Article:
Rules

 Setup:
Each player is given one Personality card.  You can distribute them randomly or everyone can pick their favorite (if you can all be adults about it).
Shuffle the deck and place it face-down.  Place the FIPs cards and Anger cards in two separate piles.
Each player draws five cards from the deck.
Play begins with the person sitting to the left of The Troll  and goes clockwise so the The Troll goes last (because screw that guy).
Turns:
At the beginning of your turn, draw a card from the deck.
You may then play an Ally card from your hand if you have one.
Next you may choose to use a Content Card.  Do whatever the card says and then put it in the Discard pile.
Opponents may play Reaction Cards in response to what you play.
Or you may pass and the next Player begins his turn.
That’s really all there is to a turn … it is not a complicated game.
Victory:
There are two ways to win the game.  The main way is to be the first player to collects five FIPs.  If that is you, congratulations on becoming The King of the Internet.
The other way is to end your turn as the only player not in Rage mode.  This is called a Moral Victory, and though you don’t get to become King it still feels quite satisfying.
Personality Cards:
Your Internet persona is represented by your Personality Card.  On its front side the Personality has an ability that will help you on your quest.  The backside is your Personality’s Rage Mode which has no abilities.  If you ever collect five Anger cards your personality flips over to its Rage Mode and remains like that until you lose at least one Anger.
Fake Internet Points (FIPs):
The goal of the game is to collect Fake Internet Points, also known as FIPs.  The represent likes, upvotes, shares, and all kinds of that oh-so-sweet life reinforcement that the Internet doles out.  Every time a card grants you a FIP, take a FIP card from the pile and put it face-up in front of you.  If a card makes you lose a FIP it goes back in the pile.  If you are the first player with five FIPs you win the game.
Anger:
The Internet can be rage-inducing, and your opponents will try to cause you to lose your cool.  Every time a card makes you gain Anger, take an Anger card from the pile and put it face-up in front of you.  If a card makes you lose Anger it goes back in the pile.  If at any point you find yourself with five Anger you must flip your Personality Card over to its Rage Mode.  Once you drop to four Anger or less your Personality returns to its normal side.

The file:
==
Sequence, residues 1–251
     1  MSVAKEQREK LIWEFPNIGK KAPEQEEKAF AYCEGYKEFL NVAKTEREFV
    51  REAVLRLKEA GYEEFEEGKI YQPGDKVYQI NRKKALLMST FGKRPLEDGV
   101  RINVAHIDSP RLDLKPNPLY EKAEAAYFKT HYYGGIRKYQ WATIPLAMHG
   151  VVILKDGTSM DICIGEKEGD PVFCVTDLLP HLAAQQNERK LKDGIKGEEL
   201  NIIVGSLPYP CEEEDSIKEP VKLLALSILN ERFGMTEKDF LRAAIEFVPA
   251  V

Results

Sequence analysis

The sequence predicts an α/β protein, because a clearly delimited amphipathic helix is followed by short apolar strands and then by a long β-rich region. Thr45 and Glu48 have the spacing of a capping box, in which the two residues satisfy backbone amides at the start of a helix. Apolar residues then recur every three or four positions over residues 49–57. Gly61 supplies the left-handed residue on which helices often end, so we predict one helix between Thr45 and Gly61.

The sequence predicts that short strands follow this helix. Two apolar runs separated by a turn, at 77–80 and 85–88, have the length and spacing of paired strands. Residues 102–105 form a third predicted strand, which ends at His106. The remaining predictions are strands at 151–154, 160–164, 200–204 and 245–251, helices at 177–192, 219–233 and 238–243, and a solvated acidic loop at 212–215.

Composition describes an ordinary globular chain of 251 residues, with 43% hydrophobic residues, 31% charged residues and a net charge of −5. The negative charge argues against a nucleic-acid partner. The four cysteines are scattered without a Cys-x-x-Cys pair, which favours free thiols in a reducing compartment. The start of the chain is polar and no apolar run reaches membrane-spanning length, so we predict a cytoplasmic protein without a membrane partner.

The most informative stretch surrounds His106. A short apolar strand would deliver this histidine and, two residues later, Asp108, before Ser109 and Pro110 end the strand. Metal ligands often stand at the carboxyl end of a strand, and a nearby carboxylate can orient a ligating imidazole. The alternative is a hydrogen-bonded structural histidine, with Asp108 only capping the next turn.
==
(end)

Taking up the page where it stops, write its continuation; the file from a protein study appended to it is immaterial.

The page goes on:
Good news is you can never have more than five Anger at a time.  That’s the maximum Rage a person can feel.
Content Cards:
Content Cards are the main way to collect FIPs.  During your turn you may play one Content Card.  After you do what it says it goes to the Discard Pile.
Reaction Cards:
Reaction Cards are played in response to things your opponents do.  Each one specifically states what it is used to react to, such as “Use when an opponent gains a FIP.”  You can play the Reaction Card any time its condition is met, but only one Reaction Card can be used at a time.  Period.  If multiple players try to React to the same card, then the player whose card hit the table first is the one that gets to use his card.  Everyone else puts their Reaction cards back in their hands.
After a Reaction Card is used it goes to the Discard Pile.
Note: The Reaction Card “First!” has no abilities beyond being played in response to any card an opponent plays.  Use “First!” to stop other players from using their Reaction Cards!
Ally Cards:
Every player can have one Ally Card in play at a time, besides the “Armchair Scholar” who may have two.  Before you play a Content Card on your turn you may play an Ally from your hand if you have one.  If goes Face-Up on the table next to your Personality and its ability is always active.  If you use an Ally and you already have one in play you must discard your current one, you heartless bastard.  The “Armchair Scholar” may choose which of his two Allies to discard if he wishes to play a third.
SPAM:
SPAM is as pointless in this game as it is in real life.  It has no powers and it just kind of sits in your hand.  It can be discarded for any card that demands you discard from your hand.